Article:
Yet success stories like this have been repeated across the country. In 2004, the Eswatini TB program found just under one-third (31%) of all estimated TB cases in the kingdom. Thanks to national and community outreach efforts, the country nearly doubled this number in 2020, successfully finding nearly 60 percent (58%) of all estimated TB cases.

“To improve the quality and coverage of TB services in Eswatini, we knew we needed an innovative approach,” says Dr. Michelle Adler, CDC-Eswatini Director. “Community-focused interventions in Eswatini have been a critical component of the multifaceted strategy to improve both service delivery and systems strengthening.”

It’s a strategy that has worked. Since the state of emergency was declared in Eswatini in 2011, the nation has seen dramatic improvements in its TB response. Between 2011 and 2020, reported TB cases in the nation declined sharply – from 11,000 new cases to just over 2,000 cases. TB-related deaths also plummeted by approximately 75 percent during that time.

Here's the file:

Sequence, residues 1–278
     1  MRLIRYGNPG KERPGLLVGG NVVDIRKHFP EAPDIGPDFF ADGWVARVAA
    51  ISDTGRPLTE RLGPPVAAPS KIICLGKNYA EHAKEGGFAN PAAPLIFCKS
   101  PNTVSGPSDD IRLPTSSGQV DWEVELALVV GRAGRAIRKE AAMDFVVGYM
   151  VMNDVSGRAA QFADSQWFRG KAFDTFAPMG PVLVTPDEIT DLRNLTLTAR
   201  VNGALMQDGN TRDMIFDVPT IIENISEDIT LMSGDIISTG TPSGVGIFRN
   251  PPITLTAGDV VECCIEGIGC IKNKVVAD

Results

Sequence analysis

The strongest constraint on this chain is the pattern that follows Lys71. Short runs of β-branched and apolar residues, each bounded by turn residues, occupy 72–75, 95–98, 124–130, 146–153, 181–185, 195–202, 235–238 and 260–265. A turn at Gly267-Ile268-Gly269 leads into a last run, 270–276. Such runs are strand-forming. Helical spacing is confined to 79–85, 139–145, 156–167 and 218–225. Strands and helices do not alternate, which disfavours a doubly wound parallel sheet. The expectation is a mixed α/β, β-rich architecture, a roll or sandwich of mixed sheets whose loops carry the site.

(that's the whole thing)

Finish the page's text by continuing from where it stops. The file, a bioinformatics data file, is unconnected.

“Seeing the dramatic gains in TB awareness and case-finding in Eswatini underscores the importance of keeping this work going,” says Dr. Anand Date, Global TB Branch Chief in CDC’s Division of Global HIV & TB.

Thanks, in large part, to Sifiso’s training, Samkeliso is now happy, healthy, and TB-free.
Sifiso continues his work as a TB Community Champion, visiting nearly 100 families per month by bicycle to educate them about TB. Photo by: Brittany K. Moore

Hope on the Horizon

These gains have not come without challenges, especially in the face of the COVID-19 pandemic. COVID-19 has, understandably, diverted funding, healthcare personnel, and other resources previously allotted to TB programs.